周五晚的活動將同場免費放映中國紀錄片《Inside The Chinese Closet》，該片展現內地年青同志族群，在面對傳統家庭期望、社會規範及文化包袱下，所承受種種性身份認同的挑戰和困惑，當中也揭示內地極為普及的同妻及契約婚姻的新生社會現象，和隨之而衍生的種種社會問題。
Full Transcript of Brian Leung’s Speech:
Thanks for having me and am honoured to be given the chance to share with you, the great minds and advocates from various Asian Pacific Regions, an overview of the situation regarding advocacy and diversity in HK. The last thing I want to do here is to be naively self-congratulatory on the progress we have achieved and to paint an unrealistically rosy picture. The reality is – it’s far from being rosy. I think it’s far more important that we should be more vigilant about the harsh reality and challenges that lies ahead.
It has been over 25 years since homosexuality was decriminalised in Hong Kong. Today, society has become relatively more open with greater visibility for sexual minorities, as various high-profile public figures have boldly come out in recent years. However, on the legal front of fighting for equal rights and diversity, we barely budged for years. The only advance made was the lowering of the age of consent for sex between two males to 16 in 2014. The High Court struck down the Ordinance as discriminatory and unconstitutional back in 2005. But it took a total of 9 years before the Government finally made an official amendment to the Ordinance. 9 full years!
My NGO, BigLove Alliance, was formed at the start of 2013 calling on the public consultation and introduction of legislation against discrimination for sexual minorities. Despite public outcry and the release of findings in favour of legislation by the city’s Equal Opportunity Commission, the government continues to sweep the impending issue under the rug with the excuse of the lack of public consensus. At the same time, anti-LGBT conservatives continue to instigate discrimination against sexual minorities in the name of defending traditional family values and religious freedom; and to exterminate any proposals on legal protection for same-sex relationships and marriage rights. For instance, in December last year, when HSBC unveiled their rainbow lions in support of the LGBT community, it drew protests from the religious rights and a so-called parent group that are in support of traditional family values.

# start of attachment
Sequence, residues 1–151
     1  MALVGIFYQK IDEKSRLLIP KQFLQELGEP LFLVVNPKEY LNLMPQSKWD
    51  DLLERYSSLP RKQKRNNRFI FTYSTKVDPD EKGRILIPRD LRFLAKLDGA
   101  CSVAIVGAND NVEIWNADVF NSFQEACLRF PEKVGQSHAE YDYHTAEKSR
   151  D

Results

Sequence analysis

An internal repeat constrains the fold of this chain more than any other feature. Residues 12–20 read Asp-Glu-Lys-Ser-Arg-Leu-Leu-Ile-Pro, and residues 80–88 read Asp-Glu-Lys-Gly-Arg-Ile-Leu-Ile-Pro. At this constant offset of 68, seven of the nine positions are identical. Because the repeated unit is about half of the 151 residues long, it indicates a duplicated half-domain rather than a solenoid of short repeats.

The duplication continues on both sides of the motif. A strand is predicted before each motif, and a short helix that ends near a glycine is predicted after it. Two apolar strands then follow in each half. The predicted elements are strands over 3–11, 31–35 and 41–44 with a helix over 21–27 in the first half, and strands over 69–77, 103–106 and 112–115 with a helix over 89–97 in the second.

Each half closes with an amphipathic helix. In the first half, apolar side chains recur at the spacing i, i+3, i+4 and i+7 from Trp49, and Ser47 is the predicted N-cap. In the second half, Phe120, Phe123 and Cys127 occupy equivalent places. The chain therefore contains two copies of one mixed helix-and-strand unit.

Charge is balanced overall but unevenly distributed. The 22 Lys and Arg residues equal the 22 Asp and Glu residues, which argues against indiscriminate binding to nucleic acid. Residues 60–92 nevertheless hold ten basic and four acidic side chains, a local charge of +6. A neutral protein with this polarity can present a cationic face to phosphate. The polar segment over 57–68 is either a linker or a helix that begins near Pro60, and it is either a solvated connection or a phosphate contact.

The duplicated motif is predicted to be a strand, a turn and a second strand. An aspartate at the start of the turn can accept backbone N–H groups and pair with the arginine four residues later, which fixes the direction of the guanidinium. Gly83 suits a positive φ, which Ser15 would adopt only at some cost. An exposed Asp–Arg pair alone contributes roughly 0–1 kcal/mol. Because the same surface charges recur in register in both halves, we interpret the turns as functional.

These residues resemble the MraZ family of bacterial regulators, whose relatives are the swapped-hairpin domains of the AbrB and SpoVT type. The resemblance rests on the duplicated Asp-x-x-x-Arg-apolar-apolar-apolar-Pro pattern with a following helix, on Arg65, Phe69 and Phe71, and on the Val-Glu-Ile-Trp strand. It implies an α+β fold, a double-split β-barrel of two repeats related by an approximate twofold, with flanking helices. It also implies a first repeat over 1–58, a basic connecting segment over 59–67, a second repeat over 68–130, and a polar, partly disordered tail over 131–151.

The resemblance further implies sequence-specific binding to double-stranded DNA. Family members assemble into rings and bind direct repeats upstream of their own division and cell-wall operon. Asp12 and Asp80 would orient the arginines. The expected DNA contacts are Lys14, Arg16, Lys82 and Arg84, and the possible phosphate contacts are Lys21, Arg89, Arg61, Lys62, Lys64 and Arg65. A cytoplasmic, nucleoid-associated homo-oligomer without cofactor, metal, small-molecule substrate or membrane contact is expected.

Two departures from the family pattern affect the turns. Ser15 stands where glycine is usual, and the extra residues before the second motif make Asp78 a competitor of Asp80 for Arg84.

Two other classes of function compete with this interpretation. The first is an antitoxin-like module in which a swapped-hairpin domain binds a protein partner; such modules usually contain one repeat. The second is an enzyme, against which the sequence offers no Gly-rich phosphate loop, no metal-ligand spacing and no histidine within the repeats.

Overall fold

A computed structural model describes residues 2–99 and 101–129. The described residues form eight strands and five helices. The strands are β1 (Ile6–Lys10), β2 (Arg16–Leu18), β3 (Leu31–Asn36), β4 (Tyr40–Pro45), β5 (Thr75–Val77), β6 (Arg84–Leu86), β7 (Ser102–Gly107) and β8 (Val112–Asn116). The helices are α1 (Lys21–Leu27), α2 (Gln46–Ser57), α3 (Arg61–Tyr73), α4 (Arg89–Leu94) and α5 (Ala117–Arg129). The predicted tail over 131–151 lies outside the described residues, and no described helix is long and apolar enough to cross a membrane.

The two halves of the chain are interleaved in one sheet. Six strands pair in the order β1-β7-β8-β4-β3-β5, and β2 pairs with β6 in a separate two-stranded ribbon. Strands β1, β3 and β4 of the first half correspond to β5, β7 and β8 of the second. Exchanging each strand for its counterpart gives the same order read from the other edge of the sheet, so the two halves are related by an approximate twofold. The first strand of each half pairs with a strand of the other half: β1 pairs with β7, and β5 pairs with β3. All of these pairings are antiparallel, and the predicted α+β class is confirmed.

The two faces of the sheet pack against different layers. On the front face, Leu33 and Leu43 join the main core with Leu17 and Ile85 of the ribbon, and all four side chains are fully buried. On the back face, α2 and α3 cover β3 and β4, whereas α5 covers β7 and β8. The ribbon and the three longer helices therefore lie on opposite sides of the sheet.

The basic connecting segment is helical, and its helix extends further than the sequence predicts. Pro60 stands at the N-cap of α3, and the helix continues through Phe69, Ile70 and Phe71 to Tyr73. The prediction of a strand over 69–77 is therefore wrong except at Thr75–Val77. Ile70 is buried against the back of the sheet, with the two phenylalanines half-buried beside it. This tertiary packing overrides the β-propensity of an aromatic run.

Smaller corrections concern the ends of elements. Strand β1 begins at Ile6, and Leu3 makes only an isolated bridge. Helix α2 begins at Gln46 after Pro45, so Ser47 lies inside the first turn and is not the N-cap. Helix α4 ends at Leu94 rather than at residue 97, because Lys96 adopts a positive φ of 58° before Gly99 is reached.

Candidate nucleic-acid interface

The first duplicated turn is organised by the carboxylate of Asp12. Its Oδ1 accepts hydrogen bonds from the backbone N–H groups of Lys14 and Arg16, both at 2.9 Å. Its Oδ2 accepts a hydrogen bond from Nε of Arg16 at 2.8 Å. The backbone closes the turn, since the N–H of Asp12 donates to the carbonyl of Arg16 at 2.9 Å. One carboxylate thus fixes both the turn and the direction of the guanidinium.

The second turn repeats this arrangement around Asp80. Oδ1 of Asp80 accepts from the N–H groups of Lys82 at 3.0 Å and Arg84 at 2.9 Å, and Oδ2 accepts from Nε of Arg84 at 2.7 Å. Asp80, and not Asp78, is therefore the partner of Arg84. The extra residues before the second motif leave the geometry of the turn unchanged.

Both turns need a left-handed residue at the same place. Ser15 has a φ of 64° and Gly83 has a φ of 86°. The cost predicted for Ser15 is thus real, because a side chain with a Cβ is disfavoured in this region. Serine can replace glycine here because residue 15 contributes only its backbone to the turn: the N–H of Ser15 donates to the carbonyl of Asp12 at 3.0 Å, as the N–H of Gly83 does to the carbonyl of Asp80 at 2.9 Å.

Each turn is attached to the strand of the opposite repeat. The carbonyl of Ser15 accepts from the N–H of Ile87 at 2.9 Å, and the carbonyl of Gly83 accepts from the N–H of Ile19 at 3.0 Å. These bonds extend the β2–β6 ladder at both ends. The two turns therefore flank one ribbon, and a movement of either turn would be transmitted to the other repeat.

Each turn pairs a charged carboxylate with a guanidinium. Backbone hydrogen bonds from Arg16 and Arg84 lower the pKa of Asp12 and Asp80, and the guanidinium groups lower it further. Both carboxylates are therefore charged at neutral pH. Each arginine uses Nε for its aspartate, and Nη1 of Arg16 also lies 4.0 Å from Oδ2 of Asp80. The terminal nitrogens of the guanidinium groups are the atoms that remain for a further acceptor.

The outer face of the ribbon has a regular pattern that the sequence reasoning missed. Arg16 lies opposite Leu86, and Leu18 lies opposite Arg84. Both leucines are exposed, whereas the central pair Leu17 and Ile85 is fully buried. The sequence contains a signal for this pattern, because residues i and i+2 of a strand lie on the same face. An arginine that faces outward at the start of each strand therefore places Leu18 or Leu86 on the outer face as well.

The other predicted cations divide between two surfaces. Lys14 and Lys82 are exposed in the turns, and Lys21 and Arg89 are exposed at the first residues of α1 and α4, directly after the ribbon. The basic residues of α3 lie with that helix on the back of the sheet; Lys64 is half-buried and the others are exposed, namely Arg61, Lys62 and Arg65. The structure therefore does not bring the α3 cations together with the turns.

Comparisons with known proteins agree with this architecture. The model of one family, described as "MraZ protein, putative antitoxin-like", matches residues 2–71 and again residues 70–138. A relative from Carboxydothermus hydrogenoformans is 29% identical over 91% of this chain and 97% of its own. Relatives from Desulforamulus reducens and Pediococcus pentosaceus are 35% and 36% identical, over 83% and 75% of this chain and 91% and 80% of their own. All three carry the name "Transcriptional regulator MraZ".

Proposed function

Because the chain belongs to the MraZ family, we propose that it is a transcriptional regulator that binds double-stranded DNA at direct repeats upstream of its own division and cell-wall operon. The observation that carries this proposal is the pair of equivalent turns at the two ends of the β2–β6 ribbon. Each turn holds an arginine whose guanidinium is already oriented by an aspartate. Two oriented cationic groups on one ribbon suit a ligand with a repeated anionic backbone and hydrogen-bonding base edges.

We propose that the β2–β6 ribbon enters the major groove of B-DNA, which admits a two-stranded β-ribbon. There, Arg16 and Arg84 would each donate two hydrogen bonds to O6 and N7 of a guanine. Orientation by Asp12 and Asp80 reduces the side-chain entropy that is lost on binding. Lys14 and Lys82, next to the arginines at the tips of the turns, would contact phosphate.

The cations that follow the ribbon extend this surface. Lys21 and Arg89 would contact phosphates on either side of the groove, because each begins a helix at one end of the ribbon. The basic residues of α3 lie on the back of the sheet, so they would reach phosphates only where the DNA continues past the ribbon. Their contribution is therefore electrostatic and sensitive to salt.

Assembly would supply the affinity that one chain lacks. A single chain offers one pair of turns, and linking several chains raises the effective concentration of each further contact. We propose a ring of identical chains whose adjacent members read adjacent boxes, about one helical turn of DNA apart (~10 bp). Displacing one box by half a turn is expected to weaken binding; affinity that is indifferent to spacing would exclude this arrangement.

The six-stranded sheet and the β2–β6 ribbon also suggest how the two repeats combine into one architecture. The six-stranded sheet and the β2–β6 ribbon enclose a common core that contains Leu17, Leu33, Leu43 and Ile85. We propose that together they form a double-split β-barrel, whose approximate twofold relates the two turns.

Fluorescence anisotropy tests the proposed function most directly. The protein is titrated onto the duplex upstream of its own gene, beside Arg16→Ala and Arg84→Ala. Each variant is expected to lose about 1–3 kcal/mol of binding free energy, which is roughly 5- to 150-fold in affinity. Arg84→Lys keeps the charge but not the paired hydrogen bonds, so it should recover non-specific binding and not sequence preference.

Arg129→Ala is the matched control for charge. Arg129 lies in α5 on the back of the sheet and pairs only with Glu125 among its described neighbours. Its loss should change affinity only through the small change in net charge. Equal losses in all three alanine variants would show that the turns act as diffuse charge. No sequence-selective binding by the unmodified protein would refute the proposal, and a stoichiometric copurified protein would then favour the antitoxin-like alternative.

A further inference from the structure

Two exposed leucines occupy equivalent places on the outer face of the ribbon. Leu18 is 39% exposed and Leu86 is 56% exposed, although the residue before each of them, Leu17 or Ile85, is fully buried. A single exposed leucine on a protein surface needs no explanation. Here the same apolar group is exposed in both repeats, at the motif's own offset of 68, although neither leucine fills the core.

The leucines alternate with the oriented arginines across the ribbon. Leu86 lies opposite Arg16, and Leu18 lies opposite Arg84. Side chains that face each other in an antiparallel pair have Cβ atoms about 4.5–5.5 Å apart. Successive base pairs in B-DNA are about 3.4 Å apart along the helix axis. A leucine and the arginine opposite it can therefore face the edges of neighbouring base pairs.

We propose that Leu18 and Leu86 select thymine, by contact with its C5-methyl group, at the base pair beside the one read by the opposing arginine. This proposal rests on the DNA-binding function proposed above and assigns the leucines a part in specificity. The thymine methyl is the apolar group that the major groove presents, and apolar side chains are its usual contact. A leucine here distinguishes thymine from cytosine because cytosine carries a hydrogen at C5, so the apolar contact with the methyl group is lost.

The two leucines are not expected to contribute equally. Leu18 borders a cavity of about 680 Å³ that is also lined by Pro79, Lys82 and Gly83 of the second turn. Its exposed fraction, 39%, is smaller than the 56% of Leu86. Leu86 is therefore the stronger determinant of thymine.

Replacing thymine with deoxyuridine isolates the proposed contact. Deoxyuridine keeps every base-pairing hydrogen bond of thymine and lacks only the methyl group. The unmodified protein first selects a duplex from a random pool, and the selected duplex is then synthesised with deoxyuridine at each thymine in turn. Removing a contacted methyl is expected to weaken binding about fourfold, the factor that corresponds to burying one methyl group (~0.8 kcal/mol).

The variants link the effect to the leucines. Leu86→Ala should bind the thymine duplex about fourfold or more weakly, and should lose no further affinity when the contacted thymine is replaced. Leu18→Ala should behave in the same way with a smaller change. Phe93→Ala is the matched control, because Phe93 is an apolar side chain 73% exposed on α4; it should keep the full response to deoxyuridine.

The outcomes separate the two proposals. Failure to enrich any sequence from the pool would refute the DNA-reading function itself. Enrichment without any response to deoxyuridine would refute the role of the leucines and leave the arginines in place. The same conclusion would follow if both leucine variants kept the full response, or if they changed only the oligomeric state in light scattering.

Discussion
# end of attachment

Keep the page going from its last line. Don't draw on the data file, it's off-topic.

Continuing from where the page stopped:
So, on the front of protecting the equal rights of same sex relationships, HK hasn’t exactly been a beacon. Although same-sex relations are not illegal, same-sex partners aren’t allowed dependent visas to accompany their spouses and their relationships aren’t formally recognized in other ways, such as medical decisions, hospital visitation and inheritance rights etc. Last year, the right for people to claim for the remaining ashes of their same-sex partners was voted down in Legco.
So it comes as quite a welcoming surprise that the High Court recently made a rare ruling that an immigration officer and his husband, who got married in New Zealand, were entitled to the same benefits available to the spouses of heterosexual employees of the civil service. But the ruling was not a total win, as the High Court struck down their entitlement to file tax return as legal spouses, noting that the tax department has defined marriage as being between a man and a woman. But, even though the ruling is not in any way a recognition of gay marriage in HK, it’s definitely an unprecedented judicial recognition of LGBT rights in the city.
It’s not clear yet how the government, a major employer, will handle the court’s decision. There have also been other attempts to expand the rights available to same-sex relationships by turning to Hong Kong courts, but they haven’t been successful. A challenge, called the QT Case, brought by a woman who was denied a visa as the dependent of her partner, with whom she married in a civil partnership in England, was rejected last year. So, we have yet to look for other ways in which Hong Kong law is ripe for further legal challenges.
All in all, reflecting on the past 20 years, the biggest challenge to the development of equality in HK is a systematic one. How can we expect an undemocratic system without sufficient representation of the people to undertake a leading moral responsibility to defend the rights of the minorities? And with the global swing to the right since Brexit and the rise of Trumpism, the road to equality is fraught with uncertainties and challenges. But whatever challenges that lies ahead, equality and human rights, as well as marriage equality (just look at how far Taiwan has come on this front), are irreversible global trends. As we continue to fight this uphill battle, we should keep reminding ourselves – no matter how rough and tough, we are on the right side of history. Thank you!
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